The HBO documentary provides plenty of examples of people conflating moral and medical judgments.


Researchers at the University of California, Irvine, recently described a psychological experiment that found "moral judgments impact perceived risks from COVID-19 exposure." The HBO documentary COVID Diaries NYC, which assembles contributions from five young filmmakers, provides further evidence to support that hypothesis.

Late one night, 21-year-old Marcial Pilataxi is hanging out on a Manhattan street with a few friends when they are accosted by an angry, inebriated cyclist. After stopping and throwing his bicycle down in disgust, he berates them for congregating without face masks, thereby endangering their grandmothers.

The rant is comical, since biking while intoxicated is hardly a model of safe behavior and the drunk guy is not wearing a mask either. But Pilataxi takes the admonition to heart and later tearfully apologizes to his grandmother at the apartment they share for not thinking of her welfare. He promises to stop going out with his friends.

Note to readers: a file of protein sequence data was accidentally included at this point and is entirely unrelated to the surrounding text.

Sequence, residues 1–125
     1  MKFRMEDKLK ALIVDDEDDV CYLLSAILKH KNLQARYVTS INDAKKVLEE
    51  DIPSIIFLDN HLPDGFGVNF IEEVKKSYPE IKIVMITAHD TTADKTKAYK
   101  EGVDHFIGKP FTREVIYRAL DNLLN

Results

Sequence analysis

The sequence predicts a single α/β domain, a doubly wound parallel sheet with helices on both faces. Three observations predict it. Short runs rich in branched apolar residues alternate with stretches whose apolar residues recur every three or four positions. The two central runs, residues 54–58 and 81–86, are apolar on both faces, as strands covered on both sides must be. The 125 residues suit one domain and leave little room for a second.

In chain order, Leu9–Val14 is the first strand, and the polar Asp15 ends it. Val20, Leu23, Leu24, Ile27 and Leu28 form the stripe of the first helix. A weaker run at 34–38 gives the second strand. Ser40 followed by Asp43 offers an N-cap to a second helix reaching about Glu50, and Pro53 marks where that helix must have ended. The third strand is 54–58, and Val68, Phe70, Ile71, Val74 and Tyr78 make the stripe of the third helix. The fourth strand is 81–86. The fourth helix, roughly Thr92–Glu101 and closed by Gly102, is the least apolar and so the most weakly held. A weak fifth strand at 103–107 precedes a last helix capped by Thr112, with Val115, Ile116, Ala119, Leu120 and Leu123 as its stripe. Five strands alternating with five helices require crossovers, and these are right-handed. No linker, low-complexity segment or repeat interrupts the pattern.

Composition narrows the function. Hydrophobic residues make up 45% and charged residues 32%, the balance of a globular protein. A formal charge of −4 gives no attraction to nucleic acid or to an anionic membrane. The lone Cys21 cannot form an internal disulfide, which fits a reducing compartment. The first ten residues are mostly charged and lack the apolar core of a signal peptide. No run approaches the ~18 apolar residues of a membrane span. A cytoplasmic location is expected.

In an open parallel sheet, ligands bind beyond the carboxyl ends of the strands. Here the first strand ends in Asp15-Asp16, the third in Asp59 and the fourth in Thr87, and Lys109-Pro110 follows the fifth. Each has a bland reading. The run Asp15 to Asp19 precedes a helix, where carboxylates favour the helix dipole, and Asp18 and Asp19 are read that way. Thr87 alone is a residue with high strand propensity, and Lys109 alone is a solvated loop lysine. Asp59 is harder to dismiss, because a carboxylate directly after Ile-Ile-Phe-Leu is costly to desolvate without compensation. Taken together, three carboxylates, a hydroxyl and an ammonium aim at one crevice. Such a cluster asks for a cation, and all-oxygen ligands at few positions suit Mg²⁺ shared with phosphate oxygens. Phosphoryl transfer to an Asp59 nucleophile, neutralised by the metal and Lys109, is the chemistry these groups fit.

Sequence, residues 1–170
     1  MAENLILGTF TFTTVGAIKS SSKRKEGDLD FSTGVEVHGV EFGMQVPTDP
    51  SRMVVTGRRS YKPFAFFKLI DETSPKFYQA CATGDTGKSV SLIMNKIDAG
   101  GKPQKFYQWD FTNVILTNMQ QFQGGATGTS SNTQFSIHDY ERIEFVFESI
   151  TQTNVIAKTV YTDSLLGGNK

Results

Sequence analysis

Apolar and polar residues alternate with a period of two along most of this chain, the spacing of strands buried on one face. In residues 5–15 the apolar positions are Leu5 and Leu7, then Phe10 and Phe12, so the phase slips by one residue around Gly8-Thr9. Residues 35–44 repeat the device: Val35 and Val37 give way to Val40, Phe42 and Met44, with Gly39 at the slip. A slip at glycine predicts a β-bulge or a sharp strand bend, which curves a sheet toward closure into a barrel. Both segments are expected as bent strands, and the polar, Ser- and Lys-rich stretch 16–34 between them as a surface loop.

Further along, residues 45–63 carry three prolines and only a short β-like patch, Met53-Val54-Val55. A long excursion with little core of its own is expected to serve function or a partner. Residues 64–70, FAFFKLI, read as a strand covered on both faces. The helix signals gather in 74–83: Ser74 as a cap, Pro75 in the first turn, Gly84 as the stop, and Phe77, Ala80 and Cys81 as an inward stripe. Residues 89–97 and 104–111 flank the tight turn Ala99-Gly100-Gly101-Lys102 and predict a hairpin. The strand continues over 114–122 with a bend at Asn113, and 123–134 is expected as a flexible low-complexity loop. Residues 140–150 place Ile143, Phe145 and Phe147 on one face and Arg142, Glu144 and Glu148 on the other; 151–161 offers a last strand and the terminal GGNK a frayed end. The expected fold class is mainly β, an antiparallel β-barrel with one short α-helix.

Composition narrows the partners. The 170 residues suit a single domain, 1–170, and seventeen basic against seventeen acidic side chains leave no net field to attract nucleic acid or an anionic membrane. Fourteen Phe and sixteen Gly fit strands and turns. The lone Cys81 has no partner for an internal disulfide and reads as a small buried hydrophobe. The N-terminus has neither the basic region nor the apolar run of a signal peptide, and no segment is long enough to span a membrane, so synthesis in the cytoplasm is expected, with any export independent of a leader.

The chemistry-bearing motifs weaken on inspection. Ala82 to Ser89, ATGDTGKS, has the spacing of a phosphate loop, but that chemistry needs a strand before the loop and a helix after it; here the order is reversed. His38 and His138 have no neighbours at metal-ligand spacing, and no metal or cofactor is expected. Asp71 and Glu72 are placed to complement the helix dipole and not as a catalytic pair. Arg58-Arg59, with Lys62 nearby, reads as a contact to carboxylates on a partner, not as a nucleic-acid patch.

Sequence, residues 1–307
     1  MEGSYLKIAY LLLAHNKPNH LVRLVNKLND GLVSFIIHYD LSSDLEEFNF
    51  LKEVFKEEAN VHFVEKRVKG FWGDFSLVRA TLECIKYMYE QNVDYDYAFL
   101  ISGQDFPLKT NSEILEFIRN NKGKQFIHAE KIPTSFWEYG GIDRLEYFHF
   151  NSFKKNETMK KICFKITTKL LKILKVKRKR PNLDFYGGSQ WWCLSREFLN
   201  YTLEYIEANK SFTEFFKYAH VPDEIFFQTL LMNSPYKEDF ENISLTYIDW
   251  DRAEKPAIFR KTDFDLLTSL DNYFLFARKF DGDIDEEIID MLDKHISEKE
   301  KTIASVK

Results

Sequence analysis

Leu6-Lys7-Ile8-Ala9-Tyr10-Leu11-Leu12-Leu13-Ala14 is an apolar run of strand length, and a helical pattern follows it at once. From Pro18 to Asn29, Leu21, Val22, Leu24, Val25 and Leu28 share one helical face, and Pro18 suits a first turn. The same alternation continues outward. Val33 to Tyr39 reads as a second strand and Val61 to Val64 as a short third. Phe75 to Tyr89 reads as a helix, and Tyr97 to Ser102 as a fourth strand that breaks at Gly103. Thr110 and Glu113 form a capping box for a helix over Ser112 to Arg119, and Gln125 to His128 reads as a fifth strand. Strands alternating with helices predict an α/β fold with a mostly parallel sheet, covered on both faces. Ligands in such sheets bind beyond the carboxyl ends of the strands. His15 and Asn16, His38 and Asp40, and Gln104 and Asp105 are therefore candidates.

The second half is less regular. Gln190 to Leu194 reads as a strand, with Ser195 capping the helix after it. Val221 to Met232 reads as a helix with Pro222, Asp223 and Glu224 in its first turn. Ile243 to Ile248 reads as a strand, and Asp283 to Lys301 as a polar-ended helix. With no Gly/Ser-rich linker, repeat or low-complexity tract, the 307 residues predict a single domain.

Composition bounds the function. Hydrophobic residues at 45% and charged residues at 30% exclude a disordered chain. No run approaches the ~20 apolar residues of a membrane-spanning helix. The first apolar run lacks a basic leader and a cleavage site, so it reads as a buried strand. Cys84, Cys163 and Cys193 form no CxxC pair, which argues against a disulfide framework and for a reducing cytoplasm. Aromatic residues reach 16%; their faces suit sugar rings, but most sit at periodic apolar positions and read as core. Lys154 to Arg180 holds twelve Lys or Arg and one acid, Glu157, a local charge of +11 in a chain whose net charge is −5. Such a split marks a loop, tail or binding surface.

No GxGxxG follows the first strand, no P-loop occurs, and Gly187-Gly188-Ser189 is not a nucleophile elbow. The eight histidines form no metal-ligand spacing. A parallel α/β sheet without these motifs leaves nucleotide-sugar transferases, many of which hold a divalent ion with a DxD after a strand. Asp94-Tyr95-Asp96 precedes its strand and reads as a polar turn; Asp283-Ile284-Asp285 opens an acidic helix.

Meanwhile, COVID Diaries NYC treats the protests provoked by George Floyd's death reverently. Those demonstrations attracted large groups of frequently unmasked people who gathered in close proximity for extended periods of time while shouting slogans—all factors that increase the risk of virus transmission.

A more subtle conflation of moral and medical judgments, a phenomenon prevalent during the COVID-19 crisis, is apparent in 16-year-old Shane Fleming's video diary. His father, a restaurant manager, expresses amazement at the complete shutdown of both indoor and outdoor dining. Those activities were deemed "nonessential," if not utterly frivolous, by the same politicians who praised the protests.